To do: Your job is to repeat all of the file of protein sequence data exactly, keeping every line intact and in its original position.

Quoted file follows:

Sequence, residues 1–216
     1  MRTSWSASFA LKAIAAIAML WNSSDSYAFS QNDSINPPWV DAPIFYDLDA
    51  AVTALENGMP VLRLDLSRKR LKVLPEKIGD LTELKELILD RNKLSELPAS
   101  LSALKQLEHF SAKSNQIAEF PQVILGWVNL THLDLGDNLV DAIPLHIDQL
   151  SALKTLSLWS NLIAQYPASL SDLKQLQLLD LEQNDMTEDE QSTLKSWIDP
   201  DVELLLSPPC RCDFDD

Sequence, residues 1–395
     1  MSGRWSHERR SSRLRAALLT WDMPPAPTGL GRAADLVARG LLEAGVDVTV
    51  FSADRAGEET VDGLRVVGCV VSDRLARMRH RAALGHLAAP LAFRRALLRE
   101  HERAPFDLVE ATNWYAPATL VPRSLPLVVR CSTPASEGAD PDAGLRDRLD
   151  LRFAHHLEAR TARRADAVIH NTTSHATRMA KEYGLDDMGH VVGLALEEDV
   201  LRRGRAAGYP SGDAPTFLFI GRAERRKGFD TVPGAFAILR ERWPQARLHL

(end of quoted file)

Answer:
Sequence, residues 1–216
     1  MRTSWSASFA LKAIAAIAML WNSSDSYAFS QNDSINPPWV DAPIFYDLDA
    51  AVTALENGMP VLRLDLSRKR LKVLPEKIGD LTELKELILD RNKLSELPAS
   101  LSALKQLEHF SAKSNQIAEF PQVILGWVNL THLDLGDNLV DAIPLHIDQL
   151  SALKTLSLWS NLIAQYPASL SDLKQLQLLD LEQNDMTEDE QSTLKSWIDP
   201  DVELLLSPPC RCDFDD

Sequence, residues 1–395
     1  MSGRWSHERR SSRLRAALLT WDMPPAPTGL GRAADLVARG LLEAGVDVTV
    51  FSADRAGEET VDGLRVVGCV VSDRLARMRH RAALGHLAAP LAFRRALLRE
   101  HERAPFDLVE ATNWYAPATL VPRSLPLVVR CSTPASEGAD PDAGLRDRLD
   151  LRFAHHLEAR TARRADAVIH NTTSHATRMA KEYGLDDMGH VVGLALEEDV
   201  LRRGRAAGYP SGDAPTFLFI GRAERRKGFD TVPGAFAILR ERWPQARLHL